Investing Answers Building and Protecting Your Wealth through Education Publisher of The Next Banks That Could Fail
Investing Answers Building and Protecting Your Wealth through Education Publisher of The Next Banks That Could Fail

Going Private

What it is:

The term going private refers to a company's departure from listing shares on any exchange. It is the opposite of going public.

How it works (Example):

The primary activity involved in going private is deregistering a company's securities with the SEC. Companies that were once public can go private if it has fewer than 300 shareholders (or fewer than 500 shareholders in some circumstances). Companies might also go private when another company or entity makes an offer to buy all or most of the company's publicly held shares, the company merges with another company, or the company declares a reverse stock split that brings the number of shareholders below the legal threshold.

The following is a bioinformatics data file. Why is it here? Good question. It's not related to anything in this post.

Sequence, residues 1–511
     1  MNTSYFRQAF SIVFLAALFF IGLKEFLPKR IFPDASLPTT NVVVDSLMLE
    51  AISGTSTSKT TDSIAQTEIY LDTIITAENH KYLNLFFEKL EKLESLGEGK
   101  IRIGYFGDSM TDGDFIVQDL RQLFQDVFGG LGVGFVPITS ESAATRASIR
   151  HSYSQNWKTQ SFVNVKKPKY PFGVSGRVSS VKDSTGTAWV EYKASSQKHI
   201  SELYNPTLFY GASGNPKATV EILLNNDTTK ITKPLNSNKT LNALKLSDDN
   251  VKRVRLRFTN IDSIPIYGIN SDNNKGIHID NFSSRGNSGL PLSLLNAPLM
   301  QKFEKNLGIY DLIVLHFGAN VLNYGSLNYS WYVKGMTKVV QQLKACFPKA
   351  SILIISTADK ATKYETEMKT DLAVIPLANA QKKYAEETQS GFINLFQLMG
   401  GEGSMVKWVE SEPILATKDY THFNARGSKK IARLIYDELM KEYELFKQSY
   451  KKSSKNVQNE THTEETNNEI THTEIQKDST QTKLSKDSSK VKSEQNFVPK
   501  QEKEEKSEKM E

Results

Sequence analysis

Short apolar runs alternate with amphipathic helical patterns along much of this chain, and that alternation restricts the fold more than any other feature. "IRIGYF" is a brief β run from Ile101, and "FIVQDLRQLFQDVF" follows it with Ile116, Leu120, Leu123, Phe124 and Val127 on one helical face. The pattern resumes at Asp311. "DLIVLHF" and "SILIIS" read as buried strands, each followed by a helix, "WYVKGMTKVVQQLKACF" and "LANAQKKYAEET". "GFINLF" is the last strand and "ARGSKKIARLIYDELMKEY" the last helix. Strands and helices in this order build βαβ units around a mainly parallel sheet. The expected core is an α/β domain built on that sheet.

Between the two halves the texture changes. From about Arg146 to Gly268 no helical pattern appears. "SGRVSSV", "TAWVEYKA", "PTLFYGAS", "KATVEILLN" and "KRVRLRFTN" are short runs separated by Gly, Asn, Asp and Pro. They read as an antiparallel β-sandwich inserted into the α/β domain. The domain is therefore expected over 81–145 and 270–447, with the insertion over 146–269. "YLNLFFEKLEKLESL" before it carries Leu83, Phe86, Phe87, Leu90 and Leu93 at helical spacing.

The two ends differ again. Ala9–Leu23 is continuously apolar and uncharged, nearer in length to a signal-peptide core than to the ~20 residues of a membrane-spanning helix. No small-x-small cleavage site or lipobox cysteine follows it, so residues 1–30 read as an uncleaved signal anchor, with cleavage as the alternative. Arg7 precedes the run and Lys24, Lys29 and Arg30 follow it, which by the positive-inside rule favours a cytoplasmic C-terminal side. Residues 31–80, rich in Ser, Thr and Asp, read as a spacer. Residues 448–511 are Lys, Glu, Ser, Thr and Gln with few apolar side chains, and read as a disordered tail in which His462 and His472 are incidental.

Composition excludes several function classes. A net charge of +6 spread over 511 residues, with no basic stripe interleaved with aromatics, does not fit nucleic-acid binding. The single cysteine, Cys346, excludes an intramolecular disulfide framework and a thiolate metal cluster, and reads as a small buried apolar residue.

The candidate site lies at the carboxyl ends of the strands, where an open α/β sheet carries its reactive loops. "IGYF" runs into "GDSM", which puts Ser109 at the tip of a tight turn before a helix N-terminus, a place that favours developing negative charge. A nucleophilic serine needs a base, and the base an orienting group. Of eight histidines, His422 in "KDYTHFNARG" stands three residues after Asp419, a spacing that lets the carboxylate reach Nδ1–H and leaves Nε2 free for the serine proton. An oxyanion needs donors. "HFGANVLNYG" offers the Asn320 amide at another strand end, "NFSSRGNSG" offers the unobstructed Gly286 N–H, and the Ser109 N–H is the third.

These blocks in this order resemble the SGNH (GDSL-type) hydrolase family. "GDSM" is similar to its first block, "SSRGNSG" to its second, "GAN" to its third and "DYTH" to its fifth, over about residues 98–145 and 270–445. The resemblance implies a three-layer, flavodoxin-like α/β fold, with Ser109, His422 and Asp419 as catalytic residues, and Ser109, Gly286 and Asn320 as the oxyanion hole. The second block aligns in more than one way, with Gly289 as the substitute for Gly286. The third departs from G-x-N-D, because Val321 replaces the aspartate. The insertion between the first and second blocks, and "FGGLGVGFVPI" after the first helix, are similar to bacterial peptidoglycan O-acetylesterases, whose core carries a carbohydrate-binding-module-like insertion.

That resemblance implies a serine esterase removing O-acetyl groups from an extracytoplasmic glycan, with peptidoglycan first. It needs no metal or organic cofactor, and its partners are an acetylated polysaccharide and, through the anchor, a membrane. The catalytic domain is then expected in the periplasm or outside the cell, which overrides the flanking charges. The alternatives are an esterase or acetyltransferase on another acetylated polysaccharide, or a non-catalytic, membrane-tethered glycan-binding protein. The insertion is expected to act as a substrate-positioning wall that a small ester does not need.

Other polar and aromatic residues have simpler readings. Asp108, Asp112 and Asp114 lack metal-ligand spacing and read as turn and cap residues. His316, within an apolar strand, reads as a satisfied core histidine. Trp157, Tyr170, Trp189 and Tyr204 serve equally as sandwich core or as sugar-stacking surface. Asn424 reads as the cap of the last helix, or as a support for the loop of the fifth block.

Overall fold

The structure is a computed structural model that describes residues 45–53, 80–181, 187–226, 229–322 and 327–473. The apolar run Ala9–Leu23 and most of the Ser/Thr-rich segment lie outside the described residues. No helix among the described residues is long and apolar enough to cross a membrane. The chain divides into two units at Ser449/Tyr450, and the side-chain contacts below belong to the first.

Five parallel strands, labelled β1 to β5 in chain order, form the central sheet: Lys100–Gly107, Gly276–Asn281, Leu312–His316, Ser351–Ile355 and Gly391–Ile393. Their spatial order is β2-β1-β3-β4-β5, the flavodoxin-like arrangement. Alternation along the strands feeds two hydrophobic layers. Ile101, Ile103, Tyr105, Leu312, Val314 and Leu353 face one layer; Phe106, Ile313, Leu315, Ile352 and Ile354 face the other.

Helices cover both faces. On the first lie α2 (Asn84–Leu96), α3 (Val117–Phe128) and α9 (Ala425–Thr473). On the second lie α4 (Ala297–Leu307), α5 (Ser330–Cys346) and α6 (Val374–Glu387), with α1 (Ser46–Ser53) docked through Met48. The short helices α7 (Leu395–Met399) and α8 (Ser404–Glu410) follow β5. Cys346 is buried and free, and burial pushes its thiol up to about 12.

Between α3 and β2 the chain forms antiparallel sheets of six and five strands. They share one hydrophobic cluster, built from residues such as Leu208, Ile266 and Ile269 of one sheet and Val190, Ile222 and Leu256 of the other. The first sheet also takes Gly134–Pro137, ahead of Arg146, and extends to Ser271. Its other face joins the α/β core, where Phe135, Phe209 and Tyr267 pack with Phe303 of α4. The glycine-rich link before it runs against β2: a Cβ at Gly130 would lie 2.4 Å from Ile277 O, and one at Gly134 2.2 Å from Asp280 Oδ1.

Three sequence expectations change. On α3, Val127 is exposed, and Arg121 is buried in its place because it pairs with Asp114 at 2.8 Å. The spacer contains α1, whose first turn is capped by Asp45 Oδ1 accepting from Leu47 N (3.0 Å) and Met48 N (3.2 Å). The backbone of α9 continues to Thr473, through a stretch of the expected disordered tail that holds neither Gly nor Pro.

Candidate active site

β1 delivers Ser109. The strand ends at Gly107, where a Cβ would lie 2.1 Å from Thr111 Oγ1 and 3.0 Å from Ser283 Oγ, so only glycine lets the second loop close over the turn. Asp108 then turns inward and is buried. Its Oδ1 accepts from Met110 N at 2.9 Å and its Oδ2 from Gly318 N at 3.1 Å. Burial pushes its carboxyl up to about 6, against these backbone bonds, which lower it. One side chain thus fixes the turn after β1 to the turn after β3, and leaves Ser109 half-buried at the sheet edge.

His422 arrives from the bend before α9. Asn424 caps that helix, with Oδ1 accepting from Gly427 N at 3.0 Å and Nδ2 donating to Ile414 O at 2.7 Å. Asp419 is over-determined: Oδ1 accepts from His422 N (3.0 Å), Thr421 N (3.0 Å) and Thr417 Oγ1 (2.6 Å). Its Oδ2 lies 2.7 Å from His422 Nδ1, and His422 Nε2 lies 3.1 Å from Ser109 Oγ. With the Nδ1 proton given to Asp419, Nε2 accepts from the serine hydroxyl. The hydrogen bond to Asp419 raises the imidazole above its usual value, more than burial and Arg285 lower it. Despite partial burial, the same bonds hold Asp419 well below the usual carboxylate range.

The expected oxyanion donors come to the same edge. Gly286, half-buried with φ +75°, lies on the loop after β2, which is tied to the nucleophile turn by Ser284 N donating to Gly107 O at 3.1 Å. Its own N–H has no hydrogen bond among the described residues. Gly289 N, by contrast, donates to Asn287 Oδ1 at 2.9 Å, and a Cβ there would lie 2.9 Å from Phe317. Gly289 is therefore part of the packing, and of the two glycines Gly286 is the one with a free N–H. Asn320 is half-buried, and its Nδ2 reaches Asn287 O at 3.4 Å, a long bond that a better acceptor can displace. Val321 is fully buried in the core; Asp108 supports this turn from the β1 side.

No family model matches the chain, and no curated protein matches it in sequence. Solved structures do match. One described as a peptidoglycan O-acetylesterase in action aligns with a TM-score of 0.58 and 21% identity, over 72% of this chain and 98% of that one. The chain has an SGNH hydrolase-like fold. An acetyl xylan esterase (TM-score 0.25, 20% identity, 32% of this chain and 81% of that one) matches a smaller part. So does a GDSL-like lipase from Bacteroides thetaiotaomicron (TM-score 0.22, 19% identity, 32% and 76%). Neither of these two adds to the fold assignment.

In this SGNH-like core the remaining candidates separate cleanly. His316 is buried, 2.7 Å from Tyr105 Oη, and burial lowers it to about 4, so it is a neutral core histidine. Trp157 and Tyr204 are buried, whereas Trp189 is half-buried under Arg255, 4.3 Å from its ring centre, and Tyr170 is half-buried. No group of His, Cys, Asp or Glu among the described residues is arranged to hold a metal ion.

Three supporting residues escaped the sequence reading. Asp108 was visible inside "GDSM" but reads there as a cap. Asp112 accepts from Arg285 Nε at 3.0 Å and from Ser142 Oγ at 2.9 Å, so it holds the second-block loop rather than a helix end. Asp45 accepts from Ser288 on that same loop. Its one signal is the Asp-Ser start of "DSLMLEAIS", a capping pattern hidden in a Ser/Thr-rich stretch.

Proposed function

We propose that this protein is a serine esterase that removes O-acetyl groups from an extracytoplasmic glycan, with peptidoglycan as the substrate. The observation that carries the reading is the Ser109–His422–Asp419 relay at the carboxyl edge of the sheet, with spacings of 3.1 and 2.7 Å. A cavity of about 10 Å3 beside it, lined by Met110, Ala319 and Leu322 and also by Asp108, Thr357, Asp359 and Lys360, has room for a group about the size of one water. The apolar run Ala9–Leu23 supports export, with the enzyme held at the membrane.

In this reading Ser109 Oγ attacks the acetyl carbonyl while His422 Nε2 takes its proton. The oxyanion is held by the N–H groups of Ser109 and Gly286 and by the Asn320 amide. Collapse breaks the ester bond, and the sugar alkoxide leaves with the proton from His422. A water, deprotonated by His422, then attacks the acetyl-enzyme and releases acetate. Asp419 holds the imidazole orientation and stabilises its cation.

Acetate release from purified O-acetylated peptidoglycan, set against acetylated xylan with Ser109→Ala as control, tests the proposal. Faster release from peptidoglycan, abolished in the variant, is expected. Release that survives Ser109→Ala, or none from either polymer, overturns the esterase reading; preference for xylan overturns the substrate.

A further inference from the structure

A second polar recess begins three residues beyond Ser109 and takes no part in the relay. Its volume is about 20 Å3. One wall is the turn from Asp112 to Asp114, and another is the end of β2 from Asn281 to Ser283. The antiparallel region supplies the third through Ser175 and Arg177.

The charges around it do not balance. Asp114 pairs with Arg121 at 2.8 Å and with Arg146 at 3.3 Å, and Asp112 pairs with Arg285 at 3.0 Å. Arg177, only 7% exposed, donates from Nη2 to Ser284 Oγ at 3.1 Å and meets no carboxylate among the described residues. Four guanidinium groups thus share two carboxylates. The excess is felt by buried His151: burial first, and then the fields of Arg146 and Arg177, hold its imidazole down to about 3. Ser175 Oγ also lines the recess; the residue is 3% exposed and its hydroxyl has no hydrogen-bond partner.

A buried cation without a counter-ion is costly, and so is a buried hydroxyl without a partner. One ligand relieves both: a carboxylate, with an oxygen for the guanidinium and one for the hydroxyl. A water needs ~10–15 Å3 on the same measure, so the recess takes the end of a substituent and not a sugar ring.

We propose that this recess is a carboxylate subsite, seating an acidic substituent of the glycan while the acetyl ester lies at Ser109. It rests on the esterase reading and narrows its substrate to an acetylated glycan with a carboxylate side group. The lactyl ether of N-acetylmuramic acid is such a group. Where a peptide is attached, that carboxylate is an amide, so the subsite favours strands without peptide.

When those things occur, the company becomes ineligible for listing on an exchange or registration with the SEC, according to rule 13E-3 of the Securities Exchange Act. A company must file a Schedule 13E-3 to officially go private.

Why it Matters:

Going private can happen for several reasons. One of these reasons is that a company's shares are no longer widely held or actively traded and thus do not meet the minimum requirements of being listed on an exchange.

There are several advantages to going private as well, particularly fewer special governance considerations and fewer disclosure requirements that can be time-consuming and expensive. Going private also means less analyst coverage, media coverage, and pressure to address both short-term and long-term trends in the share price.

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